The former engineer accompanied us to the shop, which is besides his house. We saw tables and chairs that would be sold at future trade fairs. A cabinet stored cups, pen cases and paper weights. I noticed that VG Lambo Enterprises’ products look more like display items. I eventually settled for a pen case, which would be a nice addition to my glass cabinet.
After a quick look at Cagwait's U-shaped beach (which is the site of its annual festival), we proceeded to the northern region to visit Lanuza. Baby and Bong brought me to Magkawas Falls and the Marine Sanctuary, both of which are a few meters away from each other and several kilometers away from the poblacion.
Magkawas is no eye catcher when compared to Mindanao's stunning falls (such as Lanao's Maria Christina), but residents came up with a brilliant idea. They constructed a rocky wall two feet high. The structure resulted in a pool being formed in which visitors can bathe, and another tier of falls that greatly improved the scenery.
On the other hand, the Marine Sanctuary houses some shells and marine species that are only found in Lanuza's shores. It also has a viewing deck that allows visitors to admire Surigao's breathtaking coastline.
We have to travel a few kilometers more in able to visit the Lanuza Agsamcraft Development Cooperative (LADC), which is located in Barangay Nurcia. Handbags, belts and accessories made up of agsam, a vine only found in Surigao del Sur, are available for sale. Agsam has to be buried deep in mud for days in order to acquire a brownish color. Originally worn by natives as a talisman against evil spirits, this native fashion accessory become one of Surigao del Sur's top souvenir items. Visitors won't have any problems purchasing in bulk; many residents in Nurcia weave agsam products. It's not only traditional but a means of livelihood as well.
As I clutched a few wrist bands I had bought, I saw more islands and beaches on the way back to Tandag. I wondered if the municipality of Cantilan, which is last on the itinerary, would be any different. What a pleasant surprise it would turn out to be.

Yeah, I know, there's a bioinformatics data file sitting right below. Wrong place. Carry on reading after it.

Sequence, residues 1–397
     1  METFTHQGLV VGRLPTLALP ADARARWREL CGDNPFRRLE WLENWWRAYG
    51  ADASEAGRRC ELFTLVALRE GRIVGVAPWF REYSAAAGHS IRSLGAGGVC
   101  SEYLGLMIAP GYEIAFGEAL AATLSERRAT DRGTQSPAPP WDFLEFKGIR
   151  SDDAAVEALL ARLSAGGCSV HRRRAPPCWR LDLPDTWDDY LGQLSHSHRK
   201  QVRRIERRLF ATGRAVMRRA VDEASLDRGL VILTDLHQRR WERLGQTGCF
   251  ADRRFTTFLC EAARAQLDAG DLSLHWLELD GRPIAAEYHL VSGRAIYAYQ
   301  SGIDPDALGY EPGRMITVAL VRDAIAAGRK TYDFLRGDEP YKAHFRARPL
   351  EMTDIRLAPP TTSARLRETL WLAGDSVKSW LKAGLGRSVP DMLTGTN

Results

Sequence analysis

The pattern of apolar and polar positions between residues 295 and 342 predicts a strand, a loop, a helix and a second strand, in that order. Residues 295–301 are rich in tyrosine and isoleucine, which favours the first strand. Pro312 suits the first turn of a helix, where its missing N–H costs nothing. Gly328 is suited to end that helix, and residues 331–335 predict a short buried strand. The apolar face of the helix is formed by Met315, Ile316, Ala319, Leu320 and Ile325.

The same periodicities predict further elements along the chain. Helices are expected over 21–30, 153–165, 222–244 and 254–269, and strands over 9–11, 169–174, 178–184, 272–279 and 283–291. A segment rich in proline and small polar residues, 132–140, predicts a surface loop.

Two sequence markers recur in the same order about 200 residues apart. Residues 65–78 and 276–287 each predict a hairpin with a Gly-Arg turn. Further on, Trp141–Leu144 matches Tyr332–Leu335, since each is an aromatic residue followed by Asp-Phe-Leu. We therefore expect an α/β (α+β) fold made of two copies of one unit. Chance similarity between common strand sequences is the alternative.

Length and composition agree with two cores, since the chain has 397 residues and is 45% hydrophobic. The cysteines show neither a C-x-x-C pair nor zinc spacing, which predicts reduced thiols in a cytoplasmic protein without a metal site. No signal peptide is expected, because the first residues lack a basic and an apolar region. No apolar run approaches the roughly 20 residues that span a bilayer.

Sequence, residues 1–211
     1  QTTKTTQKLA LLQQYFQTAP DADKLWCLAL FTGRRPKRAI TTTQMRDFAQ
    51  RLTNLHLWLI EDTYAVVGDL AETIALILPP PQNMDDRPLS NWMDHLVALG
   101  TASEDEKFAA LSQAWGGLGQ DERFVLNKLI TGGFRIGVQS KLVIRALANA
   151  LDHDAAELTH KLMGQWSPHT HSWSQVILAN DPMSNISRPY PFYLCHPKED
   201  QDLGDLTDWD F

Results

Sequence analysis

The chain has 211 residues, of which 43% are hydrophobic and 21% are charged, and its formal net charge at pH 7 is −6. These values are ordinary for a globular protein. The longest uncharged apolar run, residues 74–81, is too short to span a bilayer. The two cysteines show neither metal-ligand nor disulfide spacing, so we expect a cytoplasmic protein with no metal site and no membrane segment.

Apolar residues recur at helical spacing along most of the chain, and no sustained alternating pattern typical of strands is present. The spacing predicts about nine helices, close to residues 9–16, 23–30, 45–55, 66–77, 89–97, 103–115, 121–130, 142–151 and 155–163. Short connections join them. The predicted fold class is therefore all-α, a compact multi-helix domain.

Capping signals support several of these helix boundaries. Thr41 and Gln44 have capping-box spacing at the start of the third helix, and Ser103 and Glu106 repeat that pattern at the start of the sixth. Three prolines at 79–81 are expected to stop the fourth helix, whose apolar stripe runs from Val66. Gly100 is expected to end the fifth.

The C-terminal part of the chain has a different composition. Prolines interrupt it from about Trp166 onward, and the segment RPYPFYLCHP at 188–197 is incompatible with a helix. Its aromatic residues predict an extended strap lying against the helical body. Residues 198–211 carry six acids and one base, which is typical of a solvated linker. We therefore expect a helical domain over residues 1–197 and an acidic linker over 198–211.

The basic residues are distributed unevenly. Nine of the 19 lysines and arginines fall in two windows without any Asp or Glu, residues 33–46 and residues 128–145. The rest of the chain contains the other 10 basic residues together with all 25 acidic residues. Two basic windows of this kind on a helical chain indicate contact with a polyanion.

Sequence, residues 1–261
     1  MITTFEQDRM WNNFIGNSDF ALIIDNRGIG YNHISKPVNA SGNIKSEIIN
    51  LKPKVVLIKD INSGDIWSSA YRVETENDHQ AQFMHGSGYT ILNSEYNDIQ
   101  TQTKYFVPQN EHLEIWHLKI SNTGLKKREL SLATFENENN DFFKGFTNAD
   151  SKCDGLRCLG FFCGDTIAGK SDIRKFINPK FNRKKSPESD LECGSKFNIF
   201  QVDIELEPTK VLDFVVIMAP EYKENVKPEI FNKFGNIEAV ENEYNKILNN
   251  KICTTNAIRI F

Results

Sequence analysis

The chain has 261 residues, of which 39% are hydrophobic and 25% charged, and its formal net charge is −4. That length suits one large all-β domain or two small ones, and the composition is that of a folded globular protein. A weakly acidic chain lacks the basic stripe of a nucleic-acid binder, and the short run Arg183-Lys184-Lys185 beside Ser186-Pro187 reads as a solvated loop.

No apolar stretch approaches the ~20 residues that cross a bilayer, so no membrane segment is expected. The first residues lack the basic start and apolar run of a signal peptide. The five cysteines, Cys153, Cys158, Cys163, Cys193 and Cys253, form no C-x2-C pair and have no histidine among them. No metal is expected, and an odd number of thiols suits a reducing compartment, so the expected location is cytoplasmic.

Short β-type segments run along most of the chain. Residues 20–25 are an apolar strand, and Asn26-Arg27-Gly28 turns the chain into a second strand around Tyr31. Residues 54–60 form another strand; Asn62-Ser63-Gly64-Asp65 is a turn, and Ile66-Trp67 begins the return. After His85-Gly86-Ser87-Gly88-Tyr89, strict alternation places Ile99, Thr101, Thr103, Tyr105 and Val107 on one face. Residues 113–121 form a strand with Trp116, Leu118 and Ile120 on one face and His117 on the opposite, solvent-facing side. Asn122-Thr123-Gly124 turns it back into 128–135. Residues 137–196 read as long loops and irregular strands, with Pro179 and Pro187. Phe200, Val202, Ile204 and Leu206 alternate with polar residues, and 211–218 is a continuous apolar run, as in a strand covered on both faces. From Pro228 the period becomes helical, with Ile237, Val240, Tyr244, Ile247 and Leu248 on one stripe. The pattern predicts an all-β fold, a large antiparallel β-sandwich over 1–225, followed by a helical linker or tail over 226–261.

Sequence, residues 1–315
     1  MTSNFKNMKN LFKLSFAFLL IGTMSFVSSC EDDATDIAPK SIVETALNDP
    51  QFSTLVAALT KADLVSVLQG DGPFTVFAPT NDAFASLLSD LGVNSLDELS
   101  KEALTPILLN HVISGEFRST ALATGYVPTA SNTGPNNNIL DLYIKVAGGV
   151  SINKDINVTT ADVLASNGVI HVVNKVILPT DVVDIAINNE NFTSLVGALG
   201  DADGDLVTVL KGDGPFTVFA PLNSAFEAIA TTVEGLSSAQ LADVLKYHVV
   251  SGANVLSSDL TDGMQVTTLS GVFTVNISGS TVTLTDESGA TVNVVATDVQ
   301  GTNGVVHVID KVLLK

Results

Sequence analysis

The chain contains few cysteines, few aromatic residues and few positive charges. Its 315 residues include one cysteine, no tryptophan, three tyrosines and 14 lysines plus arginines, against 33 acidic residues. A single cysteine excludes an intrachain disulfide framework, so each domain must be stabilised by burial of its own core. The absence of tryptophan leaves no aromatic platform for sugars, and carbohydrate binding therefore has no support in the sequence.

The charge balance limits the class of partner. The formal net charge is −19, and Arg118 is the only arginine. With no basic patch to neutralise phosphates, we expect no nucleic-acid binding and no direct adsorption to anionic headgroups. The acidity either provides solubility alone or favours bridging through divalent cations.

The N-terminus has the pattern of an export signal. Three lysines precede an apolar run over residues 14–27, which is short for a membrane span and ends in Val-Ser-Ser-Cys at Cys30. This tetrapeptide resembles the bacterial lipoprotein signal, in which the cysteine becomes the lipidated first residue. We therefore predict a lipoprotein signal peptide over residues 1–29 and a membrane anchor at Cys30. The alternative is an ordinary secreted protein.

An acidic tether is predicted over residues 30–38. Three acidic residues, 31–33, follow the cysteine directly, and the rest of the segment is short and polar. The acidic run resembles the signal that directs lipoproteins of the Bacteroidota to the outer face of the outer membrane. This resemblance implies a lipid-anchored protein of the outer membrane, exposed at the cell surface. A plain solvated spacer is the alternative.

Day 3: More Island-Hopping
Iron Mountain looms above Cantilan. It’s covered in pine-like trees and its brick-red soil glistens when the sun is high in the sky. From an elevation of about a thousand feet, the islands and the sea look spectacular, with some of the peak's dramatic structures impossible to ignore.
It took us two hours to reach Cantilan’s wharf. Four islands - Ayoke, General, Huyamao and Casarica - are nearby. Our guide, Tony Areo, noted that Cantilan has a varied range of natural attractions similar to Bohol's, but it's on these islands where visitors can find the best the municipality has to offer. With limited time, we could only visit General and Casarica.
General Island, the largest of the group, looked like a reptile on slumber. The isle’s darkly-verdant landscape covers any attractions it would otherwise offer visitors. Our boat headed towards a particular side in order to see a small chapel. The church is nestled atop a hill overlooking a lagoon and General's picturesque coast. Heading towards the lagoon, I gaped at the emerald-blue waters and was amazed as our boat passed the striking rock formations that lined up General’s other coastline.
Islets of various sizes greeted on our way to Casarica. Its white beach was our final destination. While relaxing on the fine sands, I wondered whether this short strip of white sand may be the 20th white beach I saw. I had lost count. What I'm sure of though is that beach and the others I visited combined to make lasting memories I'll always have of Surigao del Sur.
(First published in Zest Inflight Magazine on August-September 2009)
(First published in Zest Inflight Magazine on August-September 2009)